During her time at Pixar, story artist Emma Coats learned several rules about how to tell a story. While they are not expressly rules that Pixar developed, one can say that these are definitely questions that Coats and other Pixar employees asked themselves before proceeding. The 22 rules that Coats put into words on Twitter went viral in June and continue to make the rounds online. Many have commented on how the rules have inspired them to focus on the importance of story. Others have been inspired to display the rules in artistic form (Lego, infographic), which you can take a look at after the break!
First, here are the 22 rules in text format (compiled by Pixar Touch author David Price):
#1: You admire a character for trying more than for their successes.
#2: You gotta keep in mind what’s interesting to you as an audience, not what’s fun to do as a writer. They can be v. different.
#3: Trying for theme is important, but you won’t see what the story is actually about til you’re at the end of it. Now rewrite.
#4: Once upon a time there was ___. Every day, ___. One day ___. Because of that, ___. Because of that, ___. Until finally ___.
#5: Simplify. Focus. Combine characters. Hop over detours. You’ll feel like you’re losing valuable stuff but it sets you free.
#6: What is your character good at, comfortable with? Throw the polar opposite at them. Challenge them. How do they deal?
#7: Come up with your ending before you figure out your middle. Seriously. Endings are hard, get yours working up front.
#8: Finish your story, let go even if it’s not perfect. In an ideal world you have both, but move on. Do better next time.
#9: When you’re stuck, make a list of what WOULDN’T happen next. Lots of times the material to get you unstuck will show up.
#10: Pull apart the stories you like. What you like in them is a part of you; you’ve got to recognize it before you can use it.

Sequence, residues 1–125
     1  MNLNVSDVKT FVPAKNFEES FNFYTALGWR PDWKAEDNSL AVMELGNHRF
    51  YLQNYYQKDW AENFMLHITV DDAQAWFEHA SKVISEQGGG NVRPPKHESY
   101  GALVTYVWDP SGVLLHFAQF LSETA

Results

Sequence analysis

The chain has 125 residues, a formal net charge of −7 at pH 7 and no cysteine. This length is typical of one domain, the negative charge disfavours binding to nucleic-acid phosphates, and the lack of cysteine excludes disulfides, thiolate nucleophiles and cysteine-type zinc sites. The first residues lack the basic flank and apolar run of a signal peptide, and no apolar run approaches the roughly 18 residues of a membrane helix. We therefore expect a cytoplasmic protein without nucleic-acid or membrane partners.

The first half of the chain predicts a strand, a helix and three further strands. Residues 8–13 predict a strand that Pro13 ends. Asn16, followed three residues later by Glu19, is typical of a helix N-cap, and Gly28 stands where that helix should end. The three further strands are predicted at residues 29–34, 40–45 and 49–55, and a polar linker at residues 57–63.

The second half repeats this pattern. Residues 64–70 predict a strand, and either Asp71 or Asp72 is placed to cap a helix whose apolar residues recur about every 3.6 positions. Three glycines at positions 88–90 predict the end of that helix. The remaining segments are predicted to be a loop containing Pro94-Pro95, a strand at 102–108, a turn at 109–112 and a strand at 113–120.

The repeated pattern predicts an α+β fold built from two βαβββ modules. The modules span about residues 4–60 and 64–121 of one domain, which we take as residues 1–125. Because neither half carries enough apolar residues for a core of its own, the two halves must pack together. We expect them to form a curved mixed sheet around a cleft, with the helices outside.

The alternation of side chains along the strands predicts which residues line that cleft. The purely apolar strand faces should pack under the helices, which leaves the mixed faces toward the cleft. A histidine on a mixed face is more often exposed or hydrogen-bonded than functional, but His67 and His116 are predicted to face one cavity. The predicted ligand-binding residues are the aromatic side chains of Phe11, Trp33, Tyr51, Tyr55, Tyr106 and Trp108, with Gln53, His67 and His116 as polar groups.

#11: Putting it on paper lets you start fixing it. If it stays in your head, a perfect idea, you’ll never share it with anyone.
#12: Discount the 1st thing that comes to mind. And the 2nd, 3rd, 4th, 5th – get the obvious out of the way. Surprise yourself.
#13: Give your characters opinions. Passive/malleable might seem likable to you as you write, but it’s poison to the audience.
#14: Why must you tell THIS story? What’s the belief burning within you that your story feeds off of? That’s the heart of it.
#15: If you were your character, in this situation, how would you feel? Honesty lends credibility to unbelievable situations.
#16: What are the stakes? Give us reason to root for the character. What happens if they don’t succeed? Stack the odds against.
#17: No work is ever wasted. If it’s not working, let go and move on – it’ll come back around to be useful later.
#18: You have to know yourself: the difference between doing your best & fussing. Story is testing, not refining.
#19: Coincidences to get characters into trouble are great; coincidences to get them out of it are cheating.
#20: Exercise: take the building blocks of a movie you dislike. How d’you rearrange them into what you DO like?
#21: You gotta identify with your situation/characters, can’t just write ‘cool’. What would make YOU act that way?
#22: What’s the essence of your story? Most economical telling of it? If you know that, you can build out from there.
Lego-enthusiast Alex Eylar recently submitted 12 of the rules in Lego-form to Slacktory (via io9):
If your brain is ready for some more visual goodness, PBJ Publishing created a nifty infographic, packing in all 22 rules in a beautiful piece (via Huffington Post), which you can click and enlarge below:
The fact that this list has been circulating for months and continues to inspire people is a testament to the incredible nature of these story rules. Some of the rules may sound logical, but once you get engrossed in working on a story, it is not difficult to lose focus on what is necessary to make the story great. While Emma Coats is no longer at Pixar, there is little doubt that the studio was an amazing learning experience for her.
You can follow Coats on Twitter and keep up with her updates on the projects she is currently developing.